To merely take our telos off of ourselves does nothing if it is not placed on the one who is worthy. There are those who argue for temperance but for the purpose of worshiping false gods. This is abhorrent. It is the fatal mistake of pre-exile Judah. God himself tells Jeremiah the folly of such a mistake in the second chapter of his prophetic book, 


“Therefore I still contend with you," declares the Lord, 
 and with your children's children I will contend. 
For cross to the coasts of Cyprus and see, 
 or send to Kedar and examine with care; 
 see if there has been such a thing. 
Has a nation changed its gods, 
 even though they are no gods? 
But my people have changed their glory 
 for that which does not profit. 
Be appalled, O heavens, at this; 
 be shocked, be utterly desolate, 
declares the Lord, 
for my people have committed two evils: 
they have forsaken me, 
 the fountain of living waters, 
and hewed out cisterns for themselves, 
broken cisterns that can hold no water.[7] 


Oh how great is the sin of a misplaced love. When we place someone or something in the place of God, we are changing the fount of living water for empty, disgusting cisterns. It is temperance that clears the way for a greater love. 


A Christian Defense 

            Defined by the Catholic Encyclopedia, human appetites and pleasures “fall mainly into three classes: some are associated with the preservation of the human individual; others with the perpetuation of the race, and others still with the well-being and comfort of human life.”[8] When desire is defined this way, temperance becomes a far broader virtue. It is a call to intentionally choose who you will love and serve and to habitually show a mastery over that which would master you. 

The Telos of Temperance 

            That being said, it is not enough for us to possess mere temperance. It is not an end in itself. Our loves must be both bridled and reordered. I believe that C. S. Lewis offers us a beautiful paradigm for understanding this. This is found in an often referenced section of The Weight of Glory. I believe it is worth quoting at length here. 

“Indeed, if we consider the unblushing promises of reward and the staggering nature of the rewards promised in the Gospels, it would seem that Our Lord finds our desires, not too strong, but too weak. We are half-hearted creatures, fooling about with drink and sex and ambition when infinite joy is offered us, like an ignorant child who wants to go on making mud pies in a slum because he cannot imagine what is meant by the offer of a holiday at the sea. We are far too easily pleased.”[9]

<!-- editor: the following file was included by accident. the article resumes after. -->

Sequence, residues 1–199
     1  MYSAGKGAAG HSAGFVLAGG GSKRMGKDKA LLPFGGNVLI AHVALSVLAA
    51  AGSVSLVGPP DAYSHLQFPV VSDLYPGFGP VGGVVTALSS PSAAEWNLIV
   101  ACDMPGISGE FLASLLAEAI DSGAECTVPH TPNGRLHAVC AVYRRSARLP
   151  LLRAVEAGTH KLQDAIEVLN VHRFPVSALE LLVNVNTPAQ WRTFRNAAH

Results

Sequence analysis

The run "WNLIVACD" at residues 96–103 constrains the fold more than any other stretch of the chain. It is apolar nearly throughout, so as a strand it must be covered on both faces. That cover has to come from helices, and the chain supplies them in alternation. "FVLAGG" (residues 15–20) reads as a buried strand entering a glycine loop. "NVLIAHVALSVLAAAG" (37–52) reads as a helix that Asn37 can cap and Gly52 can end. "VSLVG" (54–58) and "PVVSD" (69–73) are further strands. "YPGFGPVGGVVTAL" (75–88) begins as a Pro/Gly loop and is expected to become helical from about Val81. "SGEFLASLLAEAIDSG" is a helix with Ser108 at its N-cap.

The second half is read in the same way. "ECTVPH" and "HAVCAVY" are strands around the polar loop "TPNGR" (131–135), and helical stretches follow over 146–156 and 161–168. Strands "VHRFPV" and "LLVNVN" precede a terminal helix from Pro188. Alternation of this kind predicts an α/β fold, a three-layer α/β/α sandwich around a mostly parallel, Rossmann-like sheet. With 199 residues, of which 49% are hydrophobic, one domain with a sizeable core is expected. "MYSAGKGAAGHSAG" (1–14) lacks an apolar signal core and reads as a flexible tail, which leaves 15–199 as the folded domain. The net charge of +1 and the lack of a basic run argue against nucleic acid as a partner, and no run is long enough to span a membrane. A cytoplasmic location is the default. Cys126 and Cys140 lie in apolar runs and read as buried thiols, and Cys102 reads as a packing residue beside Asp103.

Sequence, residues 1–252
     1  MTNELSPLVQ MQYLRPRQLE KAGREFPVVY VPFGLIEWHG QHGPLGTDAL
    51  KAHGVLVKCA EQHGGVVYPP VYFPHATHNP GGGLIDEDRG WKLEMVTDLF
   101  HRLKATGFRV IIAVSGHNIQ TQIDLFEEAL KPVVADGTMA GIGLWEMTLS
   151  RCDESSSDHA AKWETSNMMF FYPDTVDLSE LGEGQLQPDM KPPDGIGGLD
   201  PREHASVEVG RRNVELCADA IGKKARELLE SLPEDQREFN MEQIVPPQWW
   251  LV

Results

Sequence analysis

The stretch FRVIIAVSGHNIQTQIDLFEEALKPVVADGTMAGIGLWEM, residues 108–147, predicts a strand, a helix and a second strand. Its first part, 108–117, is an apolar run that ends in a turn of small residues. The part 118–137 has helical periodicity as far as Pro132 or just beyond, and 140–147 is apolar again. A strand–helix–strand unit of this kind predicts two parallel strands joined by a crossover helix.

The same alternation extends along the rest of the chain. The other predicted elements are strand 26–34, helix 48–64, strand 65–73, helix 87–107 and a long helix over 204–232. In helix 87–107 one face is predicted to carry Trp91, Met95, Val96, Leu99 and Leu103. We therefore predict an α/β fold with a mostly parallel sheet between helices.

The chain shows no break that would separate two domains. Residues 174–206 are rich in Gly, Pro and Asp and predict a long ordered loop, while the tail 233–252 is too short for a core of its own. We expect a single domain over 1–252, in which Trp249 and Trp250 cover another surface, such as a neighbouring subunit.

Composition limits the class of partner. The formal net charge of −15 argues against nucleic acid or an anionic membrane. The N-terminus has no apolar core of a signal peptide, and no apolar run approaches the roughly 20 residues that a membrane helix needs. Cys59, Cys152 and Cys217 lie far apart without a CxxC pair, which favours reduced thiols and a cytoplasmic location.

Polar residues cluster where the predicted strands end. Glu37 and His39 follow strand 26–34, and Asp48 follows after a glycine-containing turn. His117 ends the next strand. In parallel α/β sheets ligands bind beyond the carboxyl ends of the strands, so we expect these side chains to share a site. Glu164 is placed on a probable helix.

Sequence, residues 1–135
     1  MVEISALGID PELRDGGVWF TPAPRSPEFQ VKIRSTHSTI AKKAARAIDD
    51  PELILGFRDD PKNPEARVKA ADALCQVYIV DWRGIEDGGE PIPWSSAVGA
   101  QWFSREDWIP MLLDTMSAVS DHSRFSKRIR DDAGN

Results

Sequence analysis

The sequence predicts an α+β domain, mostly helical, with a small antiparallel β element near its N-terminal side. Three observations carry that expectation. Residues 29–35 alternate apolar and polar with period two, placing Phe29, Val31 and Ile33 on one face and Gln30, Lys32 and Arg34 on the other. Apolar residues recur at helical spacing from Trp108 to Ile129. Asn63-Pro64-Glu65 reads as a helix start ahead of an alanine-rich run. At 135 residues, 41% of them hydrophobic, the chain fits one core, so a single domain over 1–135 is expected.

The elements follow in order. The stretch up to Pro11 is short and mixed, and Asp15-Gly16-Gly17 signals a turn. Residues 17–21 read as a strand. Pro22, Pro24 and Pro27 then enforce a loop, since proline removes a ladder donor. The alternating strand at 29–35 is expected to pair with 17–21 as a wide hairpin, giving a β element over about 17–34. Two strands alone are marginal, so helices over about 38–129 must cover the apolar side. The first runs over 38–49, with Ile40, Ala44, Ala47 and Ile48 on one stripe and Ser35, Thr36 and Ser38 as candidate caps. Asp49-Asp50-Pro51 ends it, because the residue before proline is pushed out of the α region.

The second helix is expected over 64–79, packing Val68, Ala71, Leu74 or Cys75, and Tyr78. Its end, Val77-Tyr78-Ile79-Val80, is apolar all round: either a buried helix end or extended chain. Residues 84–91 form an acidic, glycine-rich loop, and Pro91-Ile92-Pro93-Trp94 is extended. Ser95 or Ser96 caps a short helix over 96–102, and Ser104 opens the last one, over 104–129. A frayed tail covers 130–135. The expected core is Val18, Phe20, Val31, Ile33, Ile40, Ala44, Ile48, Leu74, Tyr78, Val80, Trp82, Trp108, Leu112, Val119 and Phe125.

Earlier in the text, Lewis makes the point that we are not merely called to take up our cross. Indeed this is a call, but it is always given with a purpose, to follow Christ. To take up one's cross must have the telos of union with Christ. He is our end goal. He is our great love and wild lover. Any other reason for temperance is futile and worthless. 
            Jordan Peterson states it rather succinctly when giving instructions for overcoming addiction. In order to overcome an addictive process, “you have to find something better to do to replace it.”[10] You cannot just give up something that is bringing you some form of pleasure. Such a change will never last. You must have something better to gain. I assert that the Westminster Catechism said it most succinctly when it said that “Man’s chief end is to glorify God, and to enjoy him forever.”[11] God is great and has infinitely more to offer us than does the flesh. The flesh offers destruction, God offers life. 
            Scripture is clear that there is a choice to be made. We must either serve the flesh or God.[12] There is no way to serve both.[13] Throughout the Bible, people are described as slaves to God or slaves to sin.[14] So the question is not if you will serve, but who you will serve.[15] This is because we are born a slave to the flesh and only Jesus ofters us true escape from such slavery through death to flesh rebirth in Christ. We must be made anew. Temperance is a necessary part of dying to the flesh. It is a chance to disrupt idolatry and institute proper love.


Not All Things and People are Equally Easy to Love - Jesus is Not Easy to Love 

            Jesus is not easy to serve. In the beginning, everything in us wants to take care of ourselves first. Fear leads us to loving ourselves in case no one else will. This leads us toward the futile search for pleasure. If you say you love Jesus, temperance is not an option but an order that, when followed, reorders our desires. 
            The problem with saying that we have Christ as our greatest love is that much of the time our desires and our actions are not consistent with such a claim. I believe that this is normal and the beginning stage of sanctification.